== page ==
Why has there been a third wave in feminism?
According to its critics, the second wave was presumed to speak for all women while it merely propounded the interests of a small group of white, privileged American intellectual women. Two books crystallized this complaint: bell hooks’ (she spelled her name in all lowercase letters) Ain’t I a Woman?: Black Women and Feminism (1981) brought attention to oppression due to race suffered by women of color. Elizabeth V. Spelman pointed out the problems of a universalizing trend within feminism that left out differences among women in Inessential Woman: Problems of Exclusion in Feminist Thought (1988).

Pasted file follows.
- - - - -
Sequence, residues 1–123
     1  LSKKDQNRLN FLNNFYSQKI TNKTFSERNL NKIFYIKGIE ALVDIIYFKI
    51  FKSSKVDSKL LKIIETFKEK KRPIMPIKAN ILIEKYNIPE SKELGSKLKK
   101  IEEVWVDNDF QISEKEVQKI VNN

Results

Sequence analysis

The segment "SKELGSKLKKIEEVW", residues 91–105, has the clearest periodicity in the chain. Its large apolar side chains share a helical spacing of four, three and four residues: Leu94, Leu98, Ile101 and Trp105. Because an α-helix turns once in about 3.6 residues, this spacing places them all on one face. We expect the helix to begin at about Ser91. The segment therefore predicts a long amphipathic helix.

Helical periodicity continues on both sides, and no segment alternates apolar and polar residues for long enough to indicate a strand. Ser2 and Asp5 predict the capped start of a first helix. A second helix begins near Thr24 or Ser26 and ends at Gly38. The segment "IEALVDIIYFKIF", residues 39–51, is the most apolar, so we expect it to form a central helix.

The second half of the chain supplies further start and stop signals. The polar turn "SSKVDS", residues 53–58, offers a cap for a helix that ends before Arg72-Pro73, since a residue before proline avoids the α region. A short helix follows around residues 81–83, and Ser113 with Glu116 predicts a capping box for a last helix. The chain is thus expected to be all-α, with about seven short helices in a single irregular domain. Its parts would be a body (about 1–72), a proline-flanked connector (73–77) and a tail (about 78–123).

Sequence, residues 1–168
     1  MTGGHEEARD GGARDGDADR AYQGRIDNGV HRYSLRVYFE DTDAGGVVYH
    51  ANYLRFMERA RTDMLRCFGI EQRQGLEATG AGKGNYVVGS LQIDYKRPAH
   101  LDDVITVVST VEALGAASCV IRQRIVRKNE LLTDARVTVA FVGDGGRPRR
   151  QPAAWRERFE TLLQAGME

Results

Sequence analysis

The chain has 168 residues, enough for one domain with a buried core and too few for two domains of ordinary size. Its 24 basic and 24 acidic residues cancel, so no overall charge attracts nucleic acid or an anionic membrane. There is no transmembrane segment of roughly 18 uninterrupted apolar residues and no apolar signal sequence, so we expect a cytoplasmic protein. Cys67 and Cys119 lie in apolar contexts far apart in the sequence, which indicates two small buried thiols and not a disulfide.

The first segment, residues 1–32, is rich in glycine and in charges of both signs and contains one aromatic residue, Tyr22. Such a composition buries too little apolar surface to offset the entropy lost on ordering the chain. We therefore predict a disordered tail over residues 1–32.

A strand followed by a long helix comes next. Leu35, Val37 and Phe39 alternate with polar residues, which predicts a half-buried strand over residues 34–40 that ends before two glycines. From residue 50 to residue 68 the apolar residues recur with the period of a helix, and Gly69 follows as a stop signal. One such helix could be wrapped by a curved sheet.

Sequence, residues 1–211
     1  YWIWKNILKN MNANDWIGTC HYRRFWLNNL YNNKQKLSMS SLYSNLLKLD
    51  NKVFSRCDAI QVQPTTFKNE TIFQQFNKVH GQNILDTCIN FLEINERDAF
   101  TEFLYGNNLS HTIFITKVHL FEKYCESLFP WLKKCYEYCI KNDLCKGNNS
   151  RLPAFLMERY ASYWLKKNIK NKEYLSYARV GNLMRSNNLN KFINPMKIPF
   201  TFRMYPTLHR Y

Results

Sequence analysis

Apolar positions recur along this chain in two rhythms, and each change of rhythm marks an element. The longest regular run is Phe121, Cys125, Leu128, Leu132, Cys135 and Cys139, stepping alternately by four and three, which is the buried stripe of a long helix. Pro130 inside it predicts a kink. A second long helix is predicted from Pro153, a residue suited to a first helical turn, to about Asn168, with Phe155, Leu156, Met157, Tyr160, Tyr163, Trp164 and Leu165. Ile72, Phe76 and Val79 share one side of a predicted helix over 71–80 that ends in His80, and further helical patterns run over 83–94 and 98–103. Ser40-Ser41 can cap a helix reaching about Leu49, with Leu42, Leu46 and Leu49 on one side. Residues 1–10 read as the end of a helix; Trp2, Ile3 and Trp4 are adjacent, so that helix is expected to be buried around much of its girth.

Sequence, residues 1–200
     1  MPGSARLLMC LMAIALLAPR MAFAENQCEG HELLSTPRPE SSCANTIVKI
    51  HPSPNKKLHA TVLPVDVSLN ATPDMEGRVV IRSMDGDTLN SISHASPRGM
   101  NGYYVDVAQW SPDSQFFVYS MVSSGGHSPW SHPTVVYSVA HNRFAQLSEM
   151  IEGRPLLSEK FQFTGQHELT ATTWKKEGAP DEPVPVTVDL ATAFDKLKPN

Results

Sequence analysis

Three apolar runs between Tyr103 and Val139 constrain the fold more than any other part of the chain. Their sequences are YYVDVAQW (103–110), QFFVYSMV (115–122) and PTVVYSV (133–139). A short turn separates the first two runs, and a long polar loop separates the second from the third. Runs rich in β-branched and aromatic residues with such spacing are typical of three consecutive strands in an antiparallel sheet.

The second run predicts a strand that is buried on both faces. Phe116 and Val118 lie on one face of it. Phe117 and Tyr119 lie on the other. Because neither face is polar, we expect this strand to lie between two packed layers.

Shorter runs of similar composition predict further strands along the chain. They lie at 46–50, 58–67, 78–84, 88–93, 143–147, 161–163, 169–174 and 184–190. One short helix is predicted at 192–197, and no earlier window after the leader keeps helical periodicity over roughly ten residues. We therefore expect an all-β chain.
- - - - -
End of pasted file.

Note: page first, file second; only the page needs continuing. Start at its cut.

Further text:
White feminist complaints about “glass ceilings,” or invisible barriers to top positions in business, on the one hand and the stultifying aspects of home-making on the other, did not resonate with all other women. Poor women and women of color had worked outside their own homes, in factories and fields, or the homes of other women, for centuries; the “second shift” was not new to them. Because of this, a third wave was needed to address all women’s needs.